I told a friend I would be writing an essay about fear. He cautioned me, counseled me: “Don’t say that our fears are groundless.” He had heard me express the widespread opinion that in allowing ourselves to be governed by fear, we may be forfeiting our freedom.
Of course our fears are not groundless. Who would deny the threat of nuclear and biological war on our shores? And there are militant factions within three major religions that seem intent on fulfilling some prophecy of a final war between good and evil, certain that they and not their enemies are the children of light. What greater danger can be imagined?
But just for that reason it seems to me necessary to live without fear—to the extent that we are able, of course. This does not mean we should not protect ourselves from real dangers. It means we must be vigilant against the counsels of fear.
What impressed me most forcefully in the pictures from Abu Ghraib was how fear was employed as an instrument of torture. Humiliation too—but those photographs were meant to terrify, because they could be used to shame the victims in their communities.
Why has the discussion of these outrages very nearly vanished from public discourse? Does our silence bespeak a tacit consent to their possible continuation? If so, what would be our motive? I believe it is fear—fear of an elusive, treacherous enemy, but also fear of seeing the depths to which we may go for the sake of an equally elusive security.
I spent my formative years behind the Iron Curtain. It is commonplace to say the people there were deprived of their freedom. This is true, but it is a truth that was not evident to many of those people. If you live in a stooped position long enough you can come to mistake it for an upright stance.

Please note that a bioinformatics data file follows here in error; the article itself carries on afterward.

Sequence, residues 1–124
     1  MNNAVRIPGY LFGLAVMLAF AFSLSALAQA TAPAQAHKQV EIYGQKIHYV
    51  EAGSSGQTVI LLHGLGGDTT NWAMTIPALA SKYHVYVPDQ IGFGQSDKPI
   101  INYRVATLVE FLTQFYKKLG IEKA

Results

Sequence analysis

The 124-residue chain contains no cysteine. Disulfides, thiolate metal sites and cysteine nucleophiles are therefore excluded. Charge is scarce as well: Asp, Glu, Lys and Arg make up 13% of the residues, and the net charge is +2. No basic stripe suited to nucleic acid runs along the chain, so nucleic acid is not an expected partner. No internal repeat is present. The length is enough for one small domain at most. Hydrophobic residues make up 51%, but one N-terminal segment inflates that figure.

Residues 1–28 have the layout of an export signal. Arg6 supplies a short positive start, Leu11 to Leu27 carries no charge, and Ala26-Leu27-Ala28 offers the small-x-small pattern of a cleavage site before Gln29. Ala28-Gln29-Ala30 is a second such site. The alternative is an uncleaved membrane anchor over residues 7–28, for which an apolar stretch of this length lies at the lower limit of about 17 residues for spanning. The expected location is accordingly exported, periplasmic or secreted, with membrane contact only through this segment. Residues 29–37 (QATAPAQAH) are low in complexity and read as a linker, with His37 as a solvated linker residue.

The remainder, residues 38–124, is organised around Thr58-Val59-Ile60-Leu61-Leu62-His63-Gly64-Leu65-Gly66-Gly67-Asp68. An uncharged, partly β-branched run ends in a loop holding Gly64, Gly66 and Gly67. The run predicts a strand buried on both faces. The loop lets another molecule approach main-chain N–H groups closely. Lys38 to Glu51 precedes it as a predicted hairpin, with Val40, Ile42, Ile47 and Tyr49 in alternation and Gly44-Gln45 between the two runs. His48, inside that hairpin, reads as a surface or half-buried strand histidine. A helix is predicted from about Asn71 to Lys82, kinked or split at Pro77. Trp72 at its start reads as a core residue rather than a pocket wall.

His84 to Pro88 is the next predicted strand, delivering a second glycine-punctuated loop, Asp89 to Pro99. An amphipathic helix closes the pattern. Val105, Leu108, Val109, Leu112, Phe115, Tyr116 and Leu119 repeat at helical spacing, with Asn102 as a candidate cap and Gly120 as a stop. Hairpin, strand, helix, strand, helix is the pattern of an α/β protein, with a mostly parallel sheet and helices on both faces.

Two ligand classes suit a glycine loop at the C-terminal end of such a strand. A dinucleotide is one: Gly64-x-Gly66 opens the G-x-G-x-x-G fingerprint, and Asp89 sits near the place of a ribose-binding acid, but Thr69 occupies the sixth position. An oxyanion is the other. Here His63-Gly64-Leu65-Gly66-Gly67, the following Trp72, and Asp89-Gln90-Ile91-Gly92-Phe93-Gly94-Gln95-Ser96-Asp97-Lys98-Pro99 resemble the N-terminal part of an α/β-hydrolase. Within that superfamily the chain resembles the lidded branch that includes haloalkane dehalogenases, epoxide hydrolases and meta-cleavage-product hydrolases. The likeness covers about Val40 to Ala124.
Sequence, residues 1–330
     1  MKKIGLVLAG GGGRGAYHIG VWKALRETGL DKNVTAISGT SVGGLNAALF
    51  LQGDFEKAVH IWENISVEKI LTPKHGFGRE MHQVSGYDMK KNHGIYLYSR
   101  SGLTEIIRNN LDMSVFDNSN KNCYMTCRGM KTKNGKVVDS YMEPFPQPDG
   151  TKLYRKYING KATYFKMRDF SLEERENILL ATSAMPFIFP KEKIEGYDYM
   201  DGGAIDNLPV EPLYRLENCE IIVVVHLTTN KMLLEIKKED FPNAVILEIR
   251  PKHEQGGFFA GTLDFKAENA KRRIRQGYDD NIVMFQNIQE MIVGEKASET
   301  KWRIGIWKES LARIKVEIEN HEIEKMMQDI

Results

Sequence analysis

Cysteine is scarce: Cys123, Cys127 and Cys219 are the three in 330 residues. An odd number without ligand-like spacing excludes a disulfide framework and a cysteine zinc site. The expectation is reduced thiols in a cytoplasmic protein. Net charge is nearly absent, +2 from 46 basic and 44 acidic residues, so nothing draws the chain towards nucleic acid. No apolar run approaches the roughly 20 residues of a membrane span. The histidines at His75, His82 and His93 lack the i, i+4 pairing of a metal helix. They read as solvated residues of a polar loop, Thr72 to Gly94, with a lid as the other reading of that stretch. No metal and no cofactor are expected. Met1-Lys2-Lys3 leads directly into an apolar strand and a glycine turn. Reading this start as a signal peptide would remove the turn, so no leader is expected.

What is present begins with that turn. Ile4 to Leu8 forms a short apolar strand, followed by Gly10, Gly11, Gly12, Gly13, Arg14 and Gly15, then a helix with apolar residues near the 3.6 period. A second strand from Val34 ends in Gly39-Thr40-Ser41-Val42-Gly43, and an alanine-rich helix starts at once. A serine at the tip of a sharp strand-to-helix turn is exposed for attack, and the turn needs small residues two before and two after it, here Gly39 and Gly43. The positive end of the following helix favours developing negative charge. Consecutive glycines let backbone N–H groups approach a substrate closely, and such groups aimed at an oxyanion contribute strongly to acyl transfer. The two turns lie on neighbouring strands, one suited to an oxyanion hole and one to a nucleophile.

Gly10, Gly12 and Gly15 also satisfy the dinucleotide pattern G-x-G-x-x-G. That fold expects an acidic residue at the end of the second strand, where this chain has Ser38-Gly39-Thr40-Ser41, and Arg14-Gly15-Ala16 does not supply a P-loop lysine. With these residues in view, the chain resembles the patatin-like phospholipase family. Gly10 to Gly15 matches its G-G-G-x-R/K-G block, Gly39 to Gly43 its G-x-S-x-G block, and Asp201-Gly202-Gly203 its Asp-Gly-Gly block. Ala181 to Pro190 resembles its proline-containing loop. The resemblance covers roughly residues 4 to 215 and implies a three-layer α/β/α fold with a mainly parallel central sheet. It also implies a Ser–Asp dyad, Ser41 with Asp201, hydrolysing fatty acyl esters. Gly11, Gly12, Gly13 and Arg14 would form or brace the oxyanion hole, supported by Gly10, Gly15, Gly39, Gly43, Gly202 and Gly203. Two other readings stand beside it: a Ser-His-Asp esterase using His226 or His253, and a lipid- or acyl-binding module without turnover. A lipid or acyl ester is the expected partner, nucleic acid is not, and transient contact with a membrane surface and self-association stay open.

I remember crossing the East German border after I had lived in the West for a while. There was an obvious external difference—more color on one side, more traffic, more flowers.
But the inner difference was less easy to identify. I called it freedom, as most people did. But remembering it now, I think that fear and the lack of it describe it better. There is no freedom without freedom from fear.
Of all the stories in the world’s religions, the one that inspires me most is the story of Siddhartha Gautama, the Buddha, sitting under the Bodhi tree, at the end of a path of austerity and fruitless searching.
A shepherd girl brings him a bowl of rice milk to restore his emaciated body, and he resolves not to rise until he attains Enlightenment. Mara, the Lord of Illusion, unleashes his armies—every conceivable terror, every death, every torment the mind can imagine. “O Mara, you cannot imprison me again,” Siddhartha says. “The rafters are broken, the ridgepole is sundered. I have seen the builder of the house.”
To us who live daily with some measure of fear, this example may seem too grand and too noble for practical emulation. But Siddhartha was a man, not a god, and what he did can be accomplished by ordinary people.
I have had much acquaintance with fear, and some with danger as well. There is a difference. This difference may be too obvious to mention, but it is frequently overlooked.
Fear is a product of the mind. And danger can be met without fear. Surely soldiers in battle know about this. There is no greater enemy than fear.
Abridged from an essay that originally appeared in the Los Angeles Times on December 13, 2004. Joel Agee’s most recent book is In the House of My Fear, a spiritual autobiography.
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